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Title: Demographic and Clinical Characteristics of Pandemic Influenza A (H1N1) 2009 Outbreak in Kerala, Southern India
Authors: Dhanya, VC
Sara, PJ
Sanjai, D
Amar, F
Deepa, PM
Santosh, GR
Jissa, VT
Pillai, MR
Keywords: Influenza A H1N1 2009; demographic; morbidity; mortality; pandemic; real-time RT-PCR.
Issue Date: Apr-2014
Publisher: British Microbiology Research Journal
Citation: British Microbiology Research Journal. 2014;4(10):1142-53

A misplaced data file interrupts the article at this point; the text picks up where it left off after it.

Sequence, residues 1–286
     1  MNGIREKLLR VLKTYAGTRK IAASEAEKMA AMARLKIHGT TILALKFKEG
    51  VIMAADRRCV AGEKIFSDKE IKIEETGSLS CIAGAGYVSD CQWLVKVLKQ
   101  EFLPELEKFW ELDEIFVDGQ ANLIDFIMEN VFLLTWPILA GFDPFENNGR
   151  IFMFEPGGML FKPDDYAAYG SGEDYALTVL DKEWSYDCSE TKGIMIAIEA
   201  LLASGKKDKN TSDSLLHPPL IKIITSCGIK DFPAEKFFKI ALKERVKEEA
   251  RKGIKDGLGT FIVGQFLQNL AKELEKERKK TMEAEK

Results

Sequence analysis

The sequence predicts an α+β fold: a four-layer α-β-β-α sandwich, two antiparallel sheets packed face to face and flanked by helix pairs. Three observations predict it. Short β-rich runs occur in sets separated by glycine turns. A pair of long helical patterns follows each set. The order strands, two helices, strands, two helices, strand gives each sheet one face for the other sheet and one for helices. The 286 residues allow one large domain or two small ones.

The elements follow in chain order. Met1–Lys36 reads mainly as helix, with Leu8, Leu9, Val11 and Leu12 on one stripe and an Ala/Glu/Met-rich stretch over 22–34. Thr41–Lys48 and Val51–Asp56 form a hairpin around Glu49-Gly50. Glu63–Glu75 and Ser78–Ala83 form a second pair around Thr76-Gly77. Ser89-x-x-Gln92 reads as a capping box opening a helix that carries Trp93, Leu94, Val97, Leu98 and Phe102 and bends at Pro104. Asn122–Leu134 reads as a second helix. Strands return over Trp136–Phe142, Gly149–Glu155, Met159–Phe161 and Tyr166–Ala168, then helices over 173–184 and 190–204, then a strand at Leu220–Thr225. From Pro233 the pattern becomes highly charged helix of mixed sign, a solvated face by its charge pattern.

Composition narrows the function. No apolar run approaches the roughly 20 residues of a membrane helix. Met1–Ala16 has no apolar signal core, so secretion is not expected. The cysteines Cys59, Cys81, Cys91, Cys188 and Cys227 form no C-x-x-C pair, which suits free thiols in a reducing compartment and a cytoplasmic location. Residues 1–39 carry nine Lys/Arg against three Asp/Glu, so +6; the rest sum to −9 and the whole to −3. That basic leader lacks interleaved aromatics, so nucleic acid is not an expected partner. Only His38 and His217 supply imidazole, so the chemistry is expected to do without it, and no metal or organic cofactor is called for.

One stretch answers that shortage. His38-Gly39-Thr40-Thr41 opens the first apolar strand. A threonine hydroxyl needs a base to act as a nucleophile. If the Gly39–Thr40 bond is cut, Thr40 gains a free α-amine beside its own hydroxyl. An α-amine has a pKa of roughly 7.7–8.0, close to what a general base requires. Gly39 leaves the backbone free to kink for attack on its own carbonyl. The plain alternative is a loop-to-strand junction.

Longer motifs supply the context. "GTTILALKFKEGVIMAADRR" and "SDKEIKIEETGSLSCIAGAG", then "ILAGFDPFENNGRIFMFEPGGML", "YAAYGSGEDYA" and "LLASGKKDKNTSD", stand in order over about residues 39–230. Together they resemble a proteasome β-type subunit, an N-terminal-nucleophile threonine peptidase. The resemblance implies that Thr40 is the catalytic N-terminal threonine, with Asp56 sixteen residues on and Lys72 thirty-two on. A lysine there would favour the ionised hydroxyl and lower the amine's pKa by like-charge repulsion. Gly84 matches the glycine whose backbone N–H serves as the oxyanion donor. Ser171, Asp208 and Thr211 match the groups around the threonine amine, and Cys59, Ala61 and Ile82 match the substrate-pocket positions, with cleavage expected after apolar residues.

Abstract: Aims: To study the clinical and epidemiological features in the affected individuals from different areas of Kerala, India. Study design: Population based cross sectional study. Place and Duration of Study: Regional Facility for Molecular Diagnostics, Rajiv Gandhi Center for Biotechnology and Directorate of Health Services, Kerala, between August 2009 and September 2010. Methodology: We conducted active surveillance for referral hospitals with specialist in-patient care in Kerala during pandemic periods. Oropharyngeal or nasopharyngeal swabs were tested for influenza viruses by Real time reverse transcriptase PCR. Results: A total of 4252 samples were tested for H1N1 influenza virus, of which, 30.17% were positive for pandemic influenza A H1N1 and 10.49% were positive for Influenza A (seasonal flu). Severe disease and mortality in the pandemic influenza A (H1N1) 2009 infection predominantly affected relatively healthy adolescents and adults between the age of 10 and 50 years. Both Males (29.28%) and Females (31.15%) were equally effected even though we observed a significant difference (P=.02). 141 cases exhibited lower respiratory tract symptoms. Pneumonia alone accounted for 28% of complicated cases. It was observed that the majority of cases (29.28%) during the first outbreak season were imported from affected overseas regions. Conclusion: In this study, prevalence of Influenza A H1N1 was high in the healthy younger population and there wasn’t any sex related susceptibility for Influenza infection. Majority of districts showed a positivity of approximately 10-30%, few with high positivity of >30%. Our findings highlight the importance of regular influenza immunization as it is significant to understand that the H1N1 (2009) virus may still circulate for many years with similar high severity.
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